The food sovereignty conversation took on a different dynamic when addressed by those from the global south, like the MST of Brazil, (global) La Via Campesia, Frente Nacional de Resistencia Popular (Honduras), (Kenya-based) G-BIACK and the Movimiento Campesino a Campesino (in Mexico). The stories held a common strand: indigenous communities who had farmed and fed their families for generations, centuries.  Amidst nationalistic efforts to "develop," "modernize," and "liberalize" their countries and economies, national leaders created laws requiring private-property deeds for all land, nation-wide.  Unaware of such laws, the peasant farmers of the world continued to farm and feed their families; meanwhile those privy to the bureaucratic loop (chiefly transnational corporations and the wealthiest of, for instance, Honduran families) hired deed writers and lawyers.  In the shadows of legality, deeds were created and sold to those who could pay, sometimes resulting in 2,3,4, 8 or more deeds for the same piece of land.  Those with access to money and lawyers won the resulting court cases.  With the endorsement of law and the aid of public (sometimes private) police and military, subsistance farmers became landless farmers.  Sadly, such economic indicators such as GDP grew via speculative sales of property thus misrepresenting the state of general welfare.  In such situations, food sovereignty is directly tied to the dispossession and speculative buying and selling of land, to the means and methods of supplying one's communities with food. --

A growing response is that of the MST who "organizes non-violent occupations of unproductive lands in order to [secure land for] the rural poor." They argue, our fundamental right to feed ourselves supersedes an absentee-landlord's right to private property.  The rules are not working-- to the detriment of the vast majority-- so they're re-writing the rules.  Food Sovereignty.  Powerful stuff.
How about a few anecdotes: La Via Campesina which is a peasant farmer organization boasting 300 million members worldwide and their principles of Food Sovereignty; There's a 14-acre Urban Farm Coop in South Central LA that is in a struggle with the city to get their land back after their farm was bulldozed several years ago to build a warehouse. (Cool fact: their urban community farm lead to a 78% reduction in crime in the area. After they raised property values via crime-reduction, the city attempted to sell the land out from under them.) Check out: YouthFoodBillofRights.org. And the Detroit Black Community Food Security Network, Windy City Harvest, the Sustainable Prisons Project, or Youth Grow are also awesome.  If the Occupy Movements have caught your eye recently, then perhaps you'd be interested in the MST of Brazil (i.e., the Movimiento Dos Trabalhadores Rurais Sem Terra) which has occupied something on the order of 300,000 acres in order that poor, landless farmers (landless primarily because their indigenous land was swindled from under them) can provide for their families.

I met so many dynamic folks doing amazing work.  Below are the materials I brought home, and below that is a list of amazing organizations.
 
I met folks from the Americorps-like Food Corps, (Youth-led) Philadelphia based Urban Nutrition Initiative, Oakland's Planting Justice, the US Food Sovereignty Alliance, Ag-Missions, an Iowan soybean farmer featured in Fresh the Movie, the Farmworkers Association of Florida, Tucson Community Food Bank that has made farmers' markets and community gardens part of its food security focus, the Food Justice Club of Cal Poly Pomona, Live Real Food Challenge, poets, Black Urban Farmers and Gardeners Conference, Milwaukee's Growing Power, The Food Project in Boston, the Detroit Black Community Food Security Network, Green for All, a to-be Brooklyn NY urban farmer whose email sports her last name "Farmer Brown," the US Family Farm Defenders, G-BIACK, an ecological farmer training center for women in Kenya, and Louisville's Fresh Stop church-sponsored CSA program.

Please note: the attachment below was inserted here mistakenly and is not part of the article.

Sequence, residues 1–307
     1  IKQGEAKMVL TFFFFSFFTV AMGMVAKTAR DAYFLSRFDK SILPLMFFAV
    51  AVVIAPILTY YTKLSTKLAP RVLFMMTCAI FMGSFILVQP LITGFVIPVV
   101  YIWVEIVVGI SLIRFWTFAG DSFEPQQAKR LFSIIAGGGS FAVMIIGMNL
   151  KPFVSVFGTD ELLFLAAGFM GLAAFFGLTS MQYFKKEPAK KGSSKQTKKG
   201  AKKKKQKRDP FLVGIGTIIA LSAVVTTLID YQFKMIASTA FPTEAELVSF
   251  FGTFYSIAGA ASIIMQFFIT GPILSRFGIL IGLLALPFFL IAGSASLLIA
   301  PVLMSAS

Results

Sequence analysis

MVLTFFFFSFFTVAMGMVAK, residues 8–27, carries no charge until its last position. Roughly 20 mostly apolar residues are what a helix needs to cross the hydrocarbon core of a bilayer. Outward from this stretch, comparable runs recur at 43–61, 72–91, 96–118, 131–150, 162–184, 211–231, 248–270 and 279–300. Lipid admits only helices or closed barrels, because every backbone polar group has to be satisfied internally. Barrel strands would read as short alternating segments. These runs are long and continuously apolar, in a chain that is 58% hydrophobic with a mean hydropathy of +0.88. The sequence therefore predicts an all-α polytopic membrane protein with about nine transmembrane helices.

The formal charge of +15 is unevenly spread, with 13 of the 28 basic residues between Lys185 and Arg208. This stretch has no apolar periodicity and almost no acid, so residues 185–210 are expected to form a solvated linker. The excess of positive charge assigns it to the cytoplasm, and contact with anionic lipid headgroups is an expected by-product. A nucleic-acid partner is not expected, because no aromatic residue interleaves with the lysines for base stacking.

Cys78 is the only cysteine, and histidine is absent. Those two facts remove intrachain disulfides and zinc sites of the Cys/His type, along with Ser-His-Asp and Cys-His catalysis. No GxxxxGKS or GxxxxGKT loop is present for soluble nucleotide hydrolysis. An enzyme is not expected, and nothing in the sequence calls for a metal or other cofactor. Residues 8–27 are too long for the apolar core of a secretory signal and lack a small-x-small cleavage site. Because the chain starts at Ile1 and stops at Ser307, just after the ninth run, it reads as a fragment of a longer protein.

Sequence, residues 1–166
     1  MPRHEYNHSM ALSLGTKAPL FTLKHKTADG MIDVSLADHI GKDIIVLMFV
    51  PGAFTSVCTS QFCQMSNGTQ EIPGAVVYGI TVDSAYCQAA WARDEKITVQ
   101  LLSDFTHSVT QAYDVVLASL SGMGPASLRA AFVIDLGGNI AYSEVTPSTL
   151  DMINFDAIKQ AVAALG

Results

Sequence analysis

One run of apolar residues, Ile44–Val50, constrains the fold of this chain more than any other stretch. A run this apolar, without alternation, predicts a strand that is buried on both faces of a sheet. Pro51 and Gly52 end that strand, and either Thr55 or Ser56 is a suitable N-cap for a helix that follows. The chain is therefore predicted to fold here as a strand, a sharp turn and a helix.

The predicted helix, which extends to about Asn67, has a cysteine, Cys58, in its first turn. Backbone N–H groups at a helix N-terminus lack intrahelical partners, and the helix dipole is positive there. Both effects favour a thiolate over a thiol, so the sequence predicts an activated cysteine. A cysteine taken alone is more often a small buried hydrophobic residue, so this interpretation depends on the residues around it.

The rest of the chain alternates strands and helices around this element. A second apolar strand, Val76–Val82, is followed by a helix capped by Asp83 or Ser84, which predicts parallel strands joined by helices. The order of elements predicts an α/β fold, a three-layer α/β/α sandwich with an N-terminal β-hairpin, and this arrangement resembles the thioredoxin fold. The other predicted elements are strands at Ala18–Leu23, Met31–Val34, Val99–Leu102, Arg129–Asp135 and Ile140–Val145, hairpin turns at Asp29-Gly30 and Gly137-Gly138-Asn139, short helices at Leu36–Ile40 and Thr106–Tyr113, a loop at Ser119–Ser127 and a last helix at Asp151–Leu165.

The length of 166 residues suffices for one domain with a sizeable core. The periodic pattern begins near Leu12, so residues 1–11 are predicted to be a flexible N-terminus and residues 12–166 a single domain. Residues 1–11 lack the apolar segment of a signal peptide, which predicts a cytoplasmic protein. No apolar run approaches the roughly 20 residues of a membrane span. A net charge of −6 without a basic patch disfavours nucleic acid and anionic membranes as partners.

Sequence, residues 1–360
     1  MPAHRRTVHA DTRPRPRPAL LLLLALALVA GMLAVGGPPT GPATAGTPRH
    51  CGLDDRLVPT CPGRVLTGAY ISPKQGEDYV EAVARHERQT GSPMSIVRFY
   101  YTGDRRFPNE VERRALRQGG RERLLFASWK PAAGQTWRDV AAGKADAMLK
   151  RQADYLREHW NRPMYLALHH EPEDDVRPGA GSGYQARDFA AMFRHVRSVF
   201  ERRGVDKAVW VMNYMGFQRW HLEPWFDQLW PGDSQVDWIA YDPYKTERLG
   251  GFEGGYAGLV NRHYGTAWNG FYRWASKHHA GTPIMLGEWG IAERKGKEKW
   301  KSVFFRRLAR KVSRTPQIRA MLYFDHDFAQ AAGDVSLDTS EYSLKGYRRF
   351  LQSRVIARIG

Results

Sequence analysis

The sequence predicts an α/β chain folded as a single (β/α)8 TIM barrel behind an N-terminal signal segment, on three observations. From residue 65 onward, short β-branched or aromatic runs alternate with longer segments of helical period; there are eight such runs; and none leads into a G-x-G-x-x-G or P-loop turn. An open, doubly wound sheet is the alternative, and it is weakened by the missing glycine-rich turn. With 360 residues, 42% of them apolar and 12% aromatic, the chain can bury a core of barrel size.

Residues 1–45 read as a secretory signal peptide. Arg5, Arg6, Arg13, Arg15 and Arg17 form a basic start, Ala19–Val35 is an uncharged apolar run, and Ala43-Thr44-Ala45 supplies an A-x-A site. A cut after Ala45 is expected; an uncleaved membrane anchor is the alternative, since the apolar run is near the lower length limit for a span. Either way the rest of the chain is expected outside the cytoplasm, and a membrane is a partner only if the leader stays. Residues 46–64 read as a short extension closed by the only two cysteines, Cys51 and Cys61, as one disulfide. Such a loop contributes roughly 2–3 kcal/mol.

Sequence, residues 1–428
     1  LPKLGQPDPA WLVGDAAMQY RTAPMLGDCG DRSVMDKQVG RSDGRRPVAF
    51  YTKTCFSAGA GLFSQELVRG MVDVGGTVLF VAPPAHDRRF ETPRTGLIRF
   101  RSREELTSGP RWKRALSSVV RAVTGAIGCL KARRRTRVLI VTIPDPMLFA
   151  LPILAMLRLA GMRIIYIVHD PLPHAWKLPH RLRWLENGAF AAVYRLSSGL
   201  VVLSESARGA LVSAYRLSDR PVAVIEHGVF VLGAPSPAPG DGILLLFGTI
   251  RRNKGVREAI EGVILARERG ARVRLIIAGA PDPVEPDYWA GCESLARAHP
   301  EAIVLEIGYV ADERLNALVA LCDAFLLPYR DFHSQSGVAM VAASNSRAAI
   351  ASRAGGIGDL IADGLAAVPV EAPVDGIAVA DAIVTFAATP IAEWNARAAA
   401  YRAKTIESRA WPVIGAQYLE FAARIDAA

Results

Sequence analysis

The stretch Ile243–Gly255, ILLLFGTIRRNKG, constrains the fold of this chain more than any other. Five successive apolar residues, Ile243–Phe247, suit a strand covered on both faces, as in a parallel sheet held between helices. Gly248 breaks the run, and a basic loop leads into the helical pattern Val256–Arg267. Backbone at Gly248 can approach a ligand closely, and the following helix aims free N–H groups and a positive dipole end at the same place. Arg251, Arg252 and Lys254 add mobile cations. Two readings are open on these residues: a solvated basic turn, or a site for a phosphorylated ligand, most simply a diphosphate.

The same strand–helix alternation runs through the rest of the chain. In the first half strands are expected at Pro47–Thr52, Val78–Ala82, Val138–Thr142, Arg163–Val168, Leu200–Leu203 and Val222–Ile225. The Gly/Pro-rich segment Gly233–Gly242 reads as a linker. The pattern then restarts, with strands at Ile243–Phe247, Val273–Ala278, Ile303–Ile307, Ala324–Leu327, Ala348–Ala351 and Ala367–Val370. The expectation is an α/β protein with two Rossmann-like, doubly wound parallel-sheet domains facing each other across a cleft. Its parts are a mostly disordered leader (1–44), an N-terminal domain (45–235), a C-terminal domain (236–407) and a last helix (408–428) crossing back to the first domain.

What a conference! a sharing! an exchange!  The question I carry with me is this: What does food sovereignty look like in Tallahassee?

Saturday, November 12, 2011

From Food Day to Food Sovereignty

Food Day festivities were a whirlwind of Tallahassee's food movement.  From the New Leaf Farm tour to video screenings, garden open houses, the community gardens tour, the Youth Symposium on Hunger and Food, Food-O-Rama at Kleman Plaza, the Sustainable You conference, and the "Florida Grown School Lunch Week Kick Off" at the capital, Food Day revealed many of the organizations and efforts amidst the food movement that largely go unseen, especially the Tallahassee Food Network.

On Food Day proper, Oct 24th, I exhibited in the capital courtyard with the aid of my "truck farm," which was picked up by WCTV.  (As an aside, I'm working with a team of Frenchtown Youth to manufacture and sell the garden buckets you can see in the below picture, which are improvised earth boxes (which retail $60, empty).  We'll be selling ours, filled and planted for $25-$30.)

The same day, I taught a workshop at Sustainable You called "Food and Community Gardening 101." Also the same day (at the conference) Ms Miaisha Mitchell (of the Frenchtown Revitalization Council) and I received proclamations--as Co-Founders of the Tallahassee Food Network-- from the City and County establishing Oct 24th as Food Day.  I'll have to post the eloquent language in a future post.

So where do we go post Food Day?

Alas, before I could sufficiently pursue answering that question amidst the Tallahassee Food Network, two things required my more immediate attention.  #1: Business at hand and #2: An educational trip to California. 

Immediately following Food Day, I took a trip to Tampa to build and plant a couple raised beds for my cousin.

Fortunately, I ordered too much compost, so in finding a way to "get rid of it," I got the opportunity to visit Seminole Heights Community Garden in Tampa where my cousin is a working member.

Back in Tallahassee, just before my departure for California, Wendell (my co-worker) and I installed a micro irrigation system for the food garden at The Space at Feather Oaks. (look for the white raisers in the middle of the beds):

I also promised mention of my trip to California and the conversation of Food Sovereignty at the Community Food Security Coalition Conference, but given the length of this post, I'll have to do that in a follow-up.